A promise of a fresh start is what makes the New Year so exciting. However, New Year’s resolutions often fall flat come February, leaving us feeling discouraged and disappointed. A fallen resolution is often a reflection of the resolution itself, rather than the person. Here are some tips for how to make a New Year’s resolution to last.
Make your goals SMART
Is your goal Specific?
“I will live life to the fullest.” While this is a worthwhile goal, it’s too vague to take action towards accomplishing. Start thinking about specific ways you can attain the end result you want. For instance, living your life to the fullest could mean working less, developing a new hobby, or even traveling to a different country. These are all things which may achieve the end result of living a full life, but are more specific, and therefore easier to know how to achieve.
Is your goal Measurable?
“I want to eat healthier”. This one is fairly specific, however, how will you measure it? Ask yourself: “How will I know I have accomplished the goal?” If the answer is not clear, ask yourself a few key questions; how often, how much, to what extent. A goal like “I want to eat three servings of fruits and vegetables per day” is measurable–you can track whether or not you have accomplished your goal.
Is your goal Attainable?
“I will get a promotion.” Trying to attain the unattainable will quickly put us on track to fall flat come February. Even if you work your hardest, there is no guarantee you will receive a promotion as there are just some things out of our control. While it is great to challenge ourselves, feeling dejected, frustrated, and hurt serves no purpose when we’re trying to make positive changes in our lives. A more attainable goal might look like setting milestones at work, or setting goals for a project you are working on. Setting and achieving attainable goals helps us feel accomplished and set more goals in the future.
Is your goal Realistic?
“I want to become an Olympic swimmer.” This goal is certainly specific, measurable, and in theory, attainable. However, it is not very realistic (for the majority of us). A more realistic goal might look like “I will beat my personal record in X race by X seconds.” When setting a realistic goal, consider not only what you are capable of doing, but what are you actually willing to do. For instance, if you want to lose weight, but are not in a place to put in the work to do so, don’t make the goal yet. Pursue your goals based off what you will realistically do today. You can always set more challenging goals as you begin to understand what you’re able to achieve.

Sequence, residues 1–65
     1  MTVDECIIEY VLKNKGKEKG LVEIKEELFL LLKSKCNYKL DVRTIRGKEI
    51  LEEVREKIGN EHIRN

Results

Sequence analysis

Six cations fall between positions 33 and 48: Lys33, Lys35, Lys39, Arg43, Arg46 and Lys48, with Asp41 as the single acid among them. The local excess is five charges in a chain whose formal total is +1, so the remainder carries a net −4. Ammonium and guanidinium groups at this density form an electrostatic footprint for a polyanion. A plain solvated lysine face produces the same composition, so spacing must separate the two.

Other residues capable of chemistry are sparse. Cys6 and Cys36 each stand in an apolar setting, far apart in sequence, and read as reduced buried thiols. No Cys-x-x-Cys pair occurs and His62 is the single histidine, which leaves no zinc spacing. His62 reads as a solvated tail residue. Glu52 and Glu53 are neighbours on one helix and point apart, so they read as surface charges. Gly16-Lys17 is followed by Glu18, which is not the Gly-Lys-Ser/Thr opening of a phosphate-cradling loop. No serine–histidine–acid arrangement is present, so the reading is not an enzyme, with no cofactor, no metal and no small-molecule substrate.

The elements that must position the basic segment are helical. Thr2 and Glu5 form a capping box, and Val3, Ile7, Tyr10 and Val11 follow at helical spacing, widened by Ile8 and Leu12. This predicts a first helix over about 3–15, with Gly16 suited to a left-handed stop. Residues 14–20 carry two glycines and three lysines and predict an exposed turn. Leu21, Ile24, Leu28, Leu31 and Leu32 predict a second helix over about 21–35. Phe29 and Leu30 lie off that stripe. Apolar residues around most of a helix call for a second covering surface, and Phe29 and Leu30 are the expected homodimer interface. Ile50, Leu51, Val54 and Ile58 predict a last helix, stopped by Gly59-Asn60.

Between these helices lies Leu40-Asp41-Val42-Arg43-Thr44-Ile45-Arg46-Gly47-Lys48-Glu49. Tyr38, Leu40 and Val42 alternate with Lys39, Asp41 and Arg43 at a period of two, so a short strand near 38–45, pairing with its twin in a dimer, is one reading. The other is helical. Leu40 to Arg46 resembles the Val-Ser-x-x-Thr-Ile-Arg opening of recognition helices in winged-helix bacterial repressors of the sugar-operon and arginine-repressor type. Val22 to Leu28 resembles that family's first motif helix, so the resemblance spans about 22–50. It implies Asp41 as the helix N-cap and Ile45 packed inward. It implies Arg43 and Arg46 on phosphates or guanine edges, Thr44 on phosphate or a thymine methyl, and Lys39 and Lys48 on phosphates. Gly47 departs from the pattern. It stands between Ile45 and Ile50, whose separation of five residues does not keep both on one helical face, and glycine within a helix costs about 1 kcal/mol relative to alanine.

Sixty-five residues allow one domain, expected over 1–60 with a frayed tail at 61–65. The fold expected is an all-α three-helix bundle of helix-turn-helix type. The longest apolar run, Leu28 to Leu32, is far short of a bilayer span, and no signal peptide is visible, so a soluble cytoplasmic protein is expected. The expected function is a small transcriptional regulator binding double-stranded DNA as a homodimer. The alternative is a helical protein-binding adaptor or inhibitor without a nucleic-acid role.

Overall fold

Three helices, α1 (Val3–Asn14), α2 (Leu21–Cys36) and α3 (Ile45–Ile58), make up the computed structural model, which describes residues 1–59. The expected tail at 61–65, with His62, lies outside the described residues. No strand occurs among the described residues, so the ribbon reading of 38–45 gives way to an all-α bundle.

Is your goal Time-sensitive?
“I will buy a home.” Without a deadline, we can easily put off achieving the goals we make by telling ourselves we still have time. Creating mile markers is one method to keep us on track with our goals. If you want to become a home owner by the end of the year, maybe you start with saying you will save up X dollars by March, X dollars by June, and find X homes you are interested in by September. This way, you are held accountable throughout the process and avoid scrambling at the end of the year. Hitting those mile markers will even provide more motivation to keep going.
Try making your New Years Resolution SMART this time around. Setting goals that are specific, measurable, attainable, realistic, and time-sensitive help outline the path to success.
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